3 out of 5 Mumbai Women Suffer from Brittle Bones: Nanavati Max Hospital study


Mumbai, March 10: Three out of five women of Mumbai, over the age of 40 years, suffer from Osteopenia and one in four are diagnosed with Osteoporosis, discovered a study conducted by Nanavati Max Super Speciality Hospital on International Women’s Day. 

Age, Vitamin D deficiency, menopause, chronic diabetes or kidney diseases, lack of physical exercise and sedentary habits are the precipitating factors for Osteoporosis and Osteopenia. 

Dr. Gayatri Deshpande, Senior Consultant and Dr. Janvi Lalchandani, Assistant Medical Officer from Department of Obstetrics and Gynaecology, Nanavati Max Super Speciality Hospital screened over 5,034 patients’ data during a period of 18 months, from September 2021 to February 2023. 

To avoid clinical bias, the researchers excluded high risk groups such as women with a previous diagnosis of osteoporosis or osteopenia, current or past history of cancer, fractures and only considered women over the age of 40. Four major sites of bone degeneration – lumbar region, femoral neck, 1/3 femur, and total body – were considered to determine the prevalence of these conditions.

After excluding high risk groups, the study analysed data of 1921 women, aged between 40-95 years, who underwent Dual-Energy X-ray Absorptiometry (DEXA) scan which measures the bone mass density. 

Osteoporosis and osteopenia are conditions characterised by low bone density, which can increase the risk of fractures, chronic pains, and loss of mobility. In osteoporosis, bones become weak and brittle, making them more likely to break. Osteopenia is a milder form of bone loss that can progress to osteoporosis if left untreated. These conditions are common in women of peri and postmenopausal age group. 

Surprisingly so, of the 1,921 women studied, 519 or 27% had osteoporosis, while 1222 or 64% had osteopenia. The prevalence of osteoporosis and osteopenia increased with age, with almost half the women (48%) in the age group of 61-80 developing osteopenia of the femoral neck—part of the thigh bone that connects to the hip joint. Osteopenia of the femoral neck multiplies the risk of hip fractures and cause loss of mobility, balance, significant disability, reduced quality of life, and even mortality in some cases. Osteopenia of the femoral neck can also impact mobility, balance, and overall physical function, which can further affect a person’s independence and well-being. 

One out of five participants were diagnosed with osteoporosis in the lumbar region, increasing the risks of compression fractures of the vertebrae and spinal deformity, such as dowager’s hump, which can affect breathing and increase the risk of falls.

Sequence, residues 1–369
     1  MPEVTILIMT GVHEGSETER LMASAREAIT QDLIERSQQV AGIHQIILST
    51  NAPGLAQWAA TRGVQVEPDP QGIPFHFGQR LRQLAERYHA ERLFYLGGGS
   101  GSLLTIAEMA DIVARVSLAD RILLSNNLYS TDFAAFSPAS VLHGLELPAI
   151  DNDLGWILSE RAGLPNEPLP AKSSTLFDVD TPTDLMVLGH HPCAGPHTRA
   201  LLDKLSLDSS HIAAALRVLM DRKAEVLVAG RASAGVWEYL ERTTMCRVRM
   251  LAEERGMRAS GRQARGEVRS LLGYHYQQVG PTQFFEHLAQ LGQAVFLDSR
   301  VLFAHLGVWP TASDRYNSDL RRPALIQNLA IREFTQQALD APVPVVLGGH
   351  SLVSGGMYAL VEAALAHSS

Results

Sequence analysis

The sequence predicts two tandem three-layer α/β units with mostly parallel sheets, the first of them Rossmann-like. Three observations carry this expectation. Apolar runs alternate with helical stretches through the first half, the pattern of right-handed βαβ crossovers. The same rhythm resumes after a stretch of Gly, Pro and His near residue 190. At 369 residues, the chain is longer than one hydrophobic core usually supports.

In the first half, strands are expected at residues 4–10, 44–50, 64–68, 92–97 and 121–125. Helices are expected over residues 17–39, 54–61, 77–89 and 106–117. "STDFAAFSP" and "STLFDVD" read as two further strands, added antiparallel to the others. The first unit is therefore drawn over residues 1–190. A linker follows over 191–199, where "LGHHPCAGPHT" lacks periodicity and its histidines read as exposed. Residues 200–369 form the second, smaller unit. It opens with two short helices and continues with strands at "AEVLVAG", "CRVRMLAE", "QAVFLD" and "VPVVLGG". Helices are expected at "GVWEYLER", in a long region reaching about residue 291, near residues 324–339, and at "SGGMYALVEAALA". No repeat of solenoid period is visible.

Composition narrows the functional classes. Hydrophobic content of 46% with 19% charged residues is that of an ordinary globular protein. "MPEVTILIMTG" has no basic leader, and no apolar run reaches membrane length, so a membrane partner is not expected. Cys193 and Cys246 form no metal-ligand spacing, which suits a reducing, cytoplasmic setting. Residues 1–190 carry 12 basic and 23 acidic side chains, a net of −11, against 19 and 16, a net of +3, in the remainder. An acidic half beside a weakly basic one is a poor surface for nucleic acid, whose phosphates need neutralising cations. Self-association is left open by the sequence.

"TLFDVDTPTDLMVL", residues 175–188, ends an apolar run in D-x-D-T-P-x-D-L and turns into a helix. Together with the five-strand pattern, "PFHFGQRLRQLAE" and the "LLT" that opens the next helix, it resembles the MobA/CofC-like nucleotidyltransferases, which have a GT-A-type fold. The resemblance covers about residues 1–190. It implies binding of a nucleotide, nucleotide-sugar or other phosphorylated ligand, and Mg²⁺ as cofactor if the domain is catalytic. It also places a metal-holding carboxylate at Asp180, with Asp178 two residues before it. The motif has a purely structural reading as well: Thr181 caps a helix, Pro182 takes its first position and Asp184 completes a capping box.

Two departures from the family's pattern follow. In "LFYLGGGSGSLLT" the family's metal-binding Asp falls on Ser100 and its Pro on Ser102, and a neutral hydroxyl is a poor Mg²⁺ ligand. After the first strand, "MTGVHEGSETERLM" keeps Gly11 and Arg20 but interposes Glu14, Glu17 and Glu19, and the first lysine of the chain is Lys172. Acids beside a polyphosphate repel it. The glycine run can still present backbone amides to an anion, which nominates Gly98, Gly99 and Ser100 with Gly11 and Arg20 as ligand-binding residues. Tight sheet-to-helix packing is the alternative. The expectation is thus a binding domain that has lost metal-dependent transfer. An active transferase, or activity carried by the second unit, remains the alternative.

Dr Deepak Patkar, Head, Imaging and Director (Medical Services), whose team performed the DEXA scans, said the higher number of post-menopausal women complaining of severe backache and joint pain, prompted the clinicians to analyse the BMD data of women who undergo regular health check-up. “Steroids use or abuse, chronic smoking and alcohol consumption and eating disorders such as anorexia nervosa or bulimia nervosa, most commonly cause bone degeneration in teen and younger women. Moreover, Estrogen—responsible to improve bone health and reduce calcium degeneration from the bones, depletes drastically after menopause. This increases the chances of bone decay in older women,” he said, while discussing the objectives and risk factors of the study. 

Started as a retrospective study, it will continue as a prospective study until 2025. “The results have been quite surprising and its alarming to know very few women are aware of this,” Dr Deshpande added. 

The study’s results highlight the importance of targeted screening and prevention strategies. While osteopenia can be maintained, osteoporosis cannot be reversed. Thus, routine check-ups, including bone density scans specifically performed using DEXA technology is recommended for women over the age of 30 every five years.

“Women, on daily basis, suffer in silence during simple tasks such as kneading the dough, twisting a doorknob, car steering or even walking on slippery floor or sandy beach. Bone fractures caused by these conditions can result in hospitalization, surgery, and long-term disability. Studies such as these will help us prevent these conditions in future,” said Dr Deshpande. 

Regular check-ups are also crucial in maintaining good bone health. During check-ups, doctors can evaluate the risk of osteoporosis and other bone-related diseases by assessing the patient’s medical history, lifestyle factors, and family history. Based on the evaluation, doctors can recommend preventive measures, such as calcium and vitamin D supplements, weight-bearing exercises, and medications.

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